Friends, let’s set the scene for our get-together. I’ll take the lumpy chair and you can have the sofa. Squeeze up there a bit, there are a lot of you. Mist comes around with tea. I inhale the steam rising from my cup, which not only clears my head but my sinuses too.
Everyone cozy? Good. Let’s talk about ... demons.
Merriam-Webster’s primary definition says that a demon is:
1 a : an evil spirit
b : a source or agent of evil, harm, distress, or ruin
Fairly general, right? I’ve known bosses who definitely fall under b, possibly even a.
The Mortal Path books are based on Sumerian mythology, and that includes the concept of demons. In contemporary Christianity, demons are usually considered to be fallen angels. Not so in earlier times, when demons were associated with a specific disease or other bad outcome for a person.
For example, the ancient Hebrews believed that if you left a jug of water uncovered at night, a demon of blindness would settle on it, and anyone who drank the water in the morning would become blind. I think beliefs like this come about because someone in a village noticed a pattern; three people drank from uncovered water containers and later became blind. The water may have had nothing to do with it, or everything to do with it if there were parasites or bacteria in it. The people had noticed cause and effect, but couldn’t explain what happened between the two. Must be a demon at work.
The Sumerians had a whole raft of demons for all kinds of diseases. The ones from their mythology that I’ve chosen to use have a particularly charming set of attributes. They are:
- Muttabriqu – Lightning Flash
- Sarabda – Taker of Possessions
- Rabishu – Croucher (bent, crooked, cringe in fear)
- Tirid - Expulsion
- Idiptu – Evil Wind
- Bennu - Fits
- Sidana – Staggers
In the Mortal Path books, these demons are still alive thousands of years after the Sumerian civilization is gone, and they play an active role in our current time. A nasty active role, since I’ve generalized them into being responsible for the things that plague our global society: war, disease, chaos, destruction, you name it. The things that keep humanity from becoming all it can be, like weights around our collective ankles.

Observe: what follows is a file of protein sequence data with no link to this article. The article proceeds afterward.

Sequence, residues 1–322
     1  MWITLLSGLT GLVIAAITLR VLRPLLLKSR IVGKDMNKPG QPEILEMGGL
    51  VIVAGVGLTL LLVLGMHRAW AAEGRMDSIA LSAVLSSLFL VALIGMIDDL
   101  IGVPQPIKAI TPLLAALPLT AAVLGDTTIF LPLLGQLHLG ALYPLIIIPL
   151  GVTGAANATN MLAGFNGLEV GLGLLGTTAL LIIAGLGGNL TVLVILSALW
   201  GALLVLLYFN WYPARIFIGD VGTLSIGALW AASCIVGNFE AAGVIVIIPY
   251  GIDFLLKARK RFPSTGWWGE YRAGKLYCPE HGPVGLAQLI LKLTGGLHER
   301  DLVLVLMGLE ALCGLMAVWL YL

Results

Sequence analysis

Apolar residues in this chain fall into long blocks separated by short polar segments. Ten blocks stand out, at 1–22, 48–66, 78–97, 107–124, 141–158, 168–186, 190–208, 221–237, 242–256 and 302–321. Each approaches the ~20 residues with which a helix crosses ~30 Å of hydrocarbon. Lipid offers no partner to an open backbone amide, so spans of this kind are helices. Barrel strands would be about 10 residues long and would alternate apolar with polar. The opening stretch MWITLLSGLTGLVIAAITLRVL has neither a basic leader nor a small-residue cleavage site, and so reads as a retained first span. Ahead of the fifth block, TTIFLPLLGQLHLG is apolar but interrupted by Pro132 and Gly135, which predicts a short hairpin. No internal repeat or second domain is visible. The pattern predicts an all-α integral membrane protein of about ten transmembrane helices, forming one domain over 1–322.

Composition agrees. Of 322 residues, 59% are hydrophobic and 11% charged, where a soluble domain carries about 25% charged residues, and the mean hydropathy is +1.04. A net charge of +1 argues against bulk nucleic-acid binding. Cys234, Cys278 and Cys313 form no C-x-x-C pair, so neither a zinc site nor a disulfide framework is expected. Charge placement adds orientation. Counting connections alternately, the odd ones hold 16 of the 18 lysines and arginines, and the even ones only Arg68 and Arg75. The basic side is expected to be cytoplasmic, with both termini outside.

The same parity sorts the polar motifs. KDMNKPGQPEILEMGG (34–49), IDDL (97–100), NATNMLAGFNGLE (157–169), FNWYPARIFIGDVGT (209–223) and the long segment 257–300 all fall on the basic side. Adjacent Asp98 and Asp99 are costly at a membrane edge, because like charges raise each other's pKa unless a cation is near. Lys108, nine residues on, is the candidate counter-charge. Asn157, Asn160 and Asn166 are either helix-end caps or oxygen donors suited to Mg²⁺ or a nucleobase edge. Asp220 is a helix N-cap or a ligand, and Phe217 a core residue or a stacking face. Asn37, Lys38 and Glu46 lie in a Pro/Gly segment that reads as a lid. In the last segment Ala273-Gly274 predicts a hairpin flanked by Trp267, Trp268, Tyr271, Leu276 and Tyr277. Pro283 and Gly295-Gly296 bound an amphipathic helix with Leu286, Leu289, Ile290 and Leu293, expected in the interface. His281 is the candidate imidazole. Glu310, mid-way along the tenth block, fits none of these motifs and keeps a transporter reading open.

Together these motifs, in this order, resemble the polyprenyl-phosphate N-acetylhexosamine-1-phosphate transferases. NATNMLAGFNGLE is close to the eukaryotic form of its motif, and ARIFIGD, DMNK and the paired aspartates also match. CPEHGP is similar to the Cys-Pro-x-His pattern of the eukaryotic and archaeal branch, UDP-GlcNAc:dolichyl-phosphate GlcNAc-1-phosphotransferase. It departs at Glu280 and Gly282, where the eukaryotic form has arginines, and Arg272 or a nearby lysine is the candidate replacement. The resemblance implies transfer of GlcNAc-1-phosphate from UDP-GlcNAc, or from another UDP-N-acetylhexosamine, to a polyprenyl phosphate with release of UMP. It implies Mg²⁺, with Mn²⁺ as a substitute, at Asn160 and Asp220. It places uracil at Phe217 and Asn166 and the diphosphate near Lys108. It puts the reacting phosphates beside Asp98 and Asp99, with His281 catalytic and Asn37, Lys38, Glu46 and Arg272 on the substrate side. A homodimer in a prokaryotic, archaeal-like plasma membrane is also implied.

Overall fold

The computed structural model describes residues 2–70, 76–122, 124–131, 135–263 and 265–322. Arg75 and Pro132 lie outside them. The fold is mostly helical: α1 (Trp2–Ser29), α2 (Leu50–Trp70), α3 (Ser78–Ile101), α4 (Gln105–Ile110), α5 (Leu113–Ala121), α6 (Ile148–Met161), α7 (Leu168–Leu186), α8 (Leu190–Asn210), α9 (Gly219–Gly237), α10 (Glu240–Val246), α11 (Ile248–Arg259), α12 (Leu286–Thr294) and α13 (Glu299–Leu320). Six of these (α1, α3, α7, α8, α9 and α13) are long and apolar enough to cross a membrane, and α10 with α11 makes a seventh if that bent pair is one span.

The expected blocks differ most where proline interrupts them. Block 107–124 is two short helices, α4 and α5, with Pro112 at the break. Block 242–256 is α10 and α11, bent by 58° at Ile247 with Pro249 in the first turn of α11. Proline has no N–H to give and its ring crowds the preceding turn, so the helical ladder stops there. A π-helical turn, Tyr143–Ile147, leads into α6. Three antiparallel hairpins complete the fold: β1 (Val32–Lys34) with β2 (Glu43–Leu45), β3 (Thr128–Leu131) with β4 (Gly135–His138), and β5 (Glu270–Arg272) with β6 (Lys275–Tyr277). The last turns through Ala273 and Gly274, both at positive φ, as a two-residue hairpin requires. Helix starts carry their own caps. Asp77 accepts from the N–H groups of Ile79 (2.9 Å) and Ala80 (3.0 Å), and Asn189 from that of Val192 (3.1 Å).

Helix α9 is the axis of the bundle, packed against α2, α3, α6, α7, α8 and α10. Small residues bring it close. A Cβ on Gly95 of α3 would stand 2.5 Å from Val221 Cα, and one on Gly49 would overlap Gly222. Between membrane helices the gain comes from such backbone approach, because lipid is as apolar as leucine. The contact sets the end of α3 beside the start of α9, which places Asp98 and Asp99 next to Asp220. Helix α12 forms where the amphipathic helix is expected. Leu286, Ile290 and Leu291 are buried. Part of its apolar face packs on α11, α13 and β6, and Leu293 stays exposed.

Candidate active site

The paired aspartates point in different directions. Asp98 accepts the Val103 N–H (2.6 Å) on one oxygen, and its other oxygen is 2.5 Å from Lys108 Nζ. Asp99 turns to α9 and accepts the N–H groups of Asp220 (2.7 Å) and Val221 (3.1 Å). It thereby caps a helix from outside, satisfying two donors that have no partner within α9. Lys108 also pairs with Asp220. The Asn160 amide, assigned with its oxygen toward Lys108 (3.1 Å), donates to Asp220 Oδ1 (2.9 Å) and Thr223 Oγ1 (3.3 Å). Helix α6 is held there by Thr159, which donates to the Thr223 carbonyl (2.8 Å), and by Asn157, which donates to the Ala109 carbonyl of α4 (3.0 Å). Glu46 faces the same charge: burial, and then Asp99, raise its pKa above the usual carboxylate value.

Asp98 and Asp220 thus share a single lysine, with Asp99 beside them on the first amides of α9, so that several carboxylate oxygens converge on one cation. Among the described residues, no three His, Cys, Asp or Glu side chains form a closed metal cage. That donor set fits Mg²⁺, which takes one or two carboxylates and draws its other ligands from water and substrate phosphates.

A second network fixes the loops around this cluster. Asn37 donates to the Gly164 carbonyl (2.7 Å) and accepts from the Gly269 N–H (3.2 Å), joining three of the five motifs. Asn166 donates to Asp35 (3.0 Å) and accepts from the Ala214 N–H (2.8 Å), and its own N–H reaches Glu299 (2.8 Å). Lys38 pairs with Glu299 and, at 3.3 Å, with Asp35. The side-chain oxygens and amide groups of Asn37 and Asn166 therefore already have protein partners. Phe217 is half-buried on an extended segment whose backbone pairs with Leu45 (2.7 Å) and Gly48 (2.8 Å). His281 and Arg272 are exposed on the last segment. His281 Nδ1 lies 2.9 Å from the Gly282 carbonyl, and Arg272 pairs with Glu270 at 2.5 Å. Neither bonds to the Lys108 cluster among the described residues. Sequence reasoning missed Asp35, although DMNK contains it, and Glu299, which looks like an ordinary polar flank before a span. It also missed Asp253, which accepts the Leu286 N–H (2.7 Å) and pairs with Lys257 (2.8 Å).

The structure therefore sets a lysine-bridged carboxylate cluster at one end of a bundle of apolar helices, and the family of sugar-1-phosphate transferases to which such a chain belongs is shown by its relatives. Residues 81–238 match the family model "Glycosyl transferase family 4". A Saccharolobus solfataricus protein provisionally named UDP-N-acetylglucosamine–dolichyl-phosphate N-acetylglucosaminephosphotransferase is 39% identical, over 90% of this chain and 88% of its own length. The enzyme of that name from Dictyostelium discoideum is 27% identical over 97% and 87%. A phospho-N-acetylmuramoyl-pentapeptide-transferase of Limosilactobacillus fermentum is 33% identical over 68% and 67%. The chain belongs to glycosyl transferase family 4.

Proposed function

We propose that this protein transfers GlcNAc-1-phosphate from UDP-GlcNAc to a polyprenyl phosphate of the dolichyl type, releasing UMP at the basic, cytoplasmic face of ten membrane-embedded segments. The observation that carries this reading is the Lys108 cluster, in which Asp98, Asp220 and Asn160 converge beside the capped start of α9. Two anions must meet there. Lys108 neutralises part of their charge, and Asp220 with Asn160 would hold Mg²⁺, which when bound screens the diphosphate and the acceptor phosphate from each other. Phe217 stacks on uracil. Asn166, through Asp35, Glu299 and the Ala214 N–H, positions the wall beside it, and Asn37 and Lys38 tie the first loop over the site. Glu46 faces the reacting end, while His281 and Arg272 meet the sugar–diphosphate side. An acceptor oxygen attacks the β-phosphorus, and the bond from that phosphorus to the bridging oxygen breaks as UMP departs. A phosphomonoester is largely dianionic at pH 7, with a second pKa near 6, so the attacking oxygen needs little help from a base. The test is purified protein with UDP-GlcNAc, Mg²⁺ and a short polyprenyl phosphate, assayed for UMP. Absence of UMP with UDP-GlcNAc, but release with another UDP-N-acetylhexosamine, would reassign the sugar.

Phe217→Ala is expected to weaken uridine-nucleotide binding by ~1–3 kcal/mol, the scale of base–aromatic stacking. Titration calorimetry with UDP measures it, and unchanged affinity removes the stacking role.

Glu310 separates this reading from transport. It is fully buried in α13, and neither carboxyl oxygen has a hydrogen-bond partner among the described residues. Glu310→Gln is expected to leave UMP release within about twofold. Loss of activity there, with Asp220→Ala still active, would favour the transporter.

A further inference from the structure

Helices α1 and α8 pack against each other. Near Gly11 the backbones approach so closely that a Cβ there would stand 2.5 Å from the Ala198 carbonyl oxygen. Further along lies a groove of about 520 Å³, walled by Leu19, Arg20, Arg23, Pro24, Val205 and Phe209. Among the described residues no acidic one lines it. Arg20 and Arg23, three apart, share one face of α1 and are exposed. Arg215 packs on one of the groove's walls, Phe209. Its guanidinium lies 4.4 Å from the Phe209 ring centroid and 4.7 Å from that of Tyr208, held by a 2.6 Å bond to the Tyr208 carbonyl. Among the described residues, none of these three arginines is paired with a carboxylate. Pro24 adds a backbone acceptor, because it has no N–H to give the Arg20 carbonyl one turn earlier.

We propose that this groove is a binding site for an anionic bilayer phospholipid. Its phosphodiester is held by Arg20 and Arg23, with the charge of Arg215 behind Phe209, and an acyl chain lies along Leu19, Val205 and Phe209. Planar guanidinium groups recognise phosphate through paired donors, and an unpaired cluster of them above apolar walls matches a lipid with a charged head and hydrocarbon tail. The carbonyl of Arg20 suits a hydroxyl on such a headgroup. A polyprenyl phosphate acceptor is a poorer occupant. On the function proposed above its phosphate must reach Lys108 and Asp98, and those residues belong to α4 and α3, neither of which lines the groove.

Maliha Crayne, trying to redeem her soul that she sold to Rabishu, also has a bigger goal in mind. She wants to destroy all of the demons and free Earth of their influence. She has to collect seven shards (one for each demon) of a massive diamond to do it. When she has all seven, they will glom together to form a lens. With the lens, she can read a tablet that lists the weaknesses of each of the demons, allows her to gain control over them, and then she can destroy them. The demons aren’t taking this lying down, though, so she has a fight on her hands.
This is heading into some deep stuff. Are we flawed humans meant to be without our tormentors (demons) on Earth? Do we, and Maliha in particular, have the strength and freedom of will to accomplish that? What would such a world be like? Take away outside influences that have been pushing us in the direction of war, hatred and fear, and give us paradise on Earth—a chance for humanity to blossom beyond our current limited dreams. Would we then muck it up on our own? Stay tuned. To paraphrase Buzz Lightyear, “To Deliverance ... and beyond!”
Now a quick passage from Deliverance (not the opening).
When Amaro arrived at Maliha’s public condo, she was wearing a white uniform, soaked with sweat, and using two swords. She was doing lunges to skewer an invisible opponent and fierce swings that sent an invisible head flying across the room. Items from the kitchen cabinets had been lined up on a counter and systematically destroyed as though someone had taken a chainsaw to them. She’d been practicing with her whip sword, a deadly weapon she wore coiled in a sheath around her waist. The whip sword had two long, flexible blades that an expert user could snap and swing at terrific speeds, severing limbs or whatever else was in the way. It was a vicious weapon and she used it with great skill.
“Okay, I can see you’re seriously pissed,” Amaro said. “Tell me about it.”
His voice broke into her trance. She stopped and lowered the swords to the floor, making sure she caused him no injury. Amaro moved closer.
“Seeing you like that was kind of scary,” he said.
“So is what’s in that envelope.” She nodded her head in the direction of the packet on the
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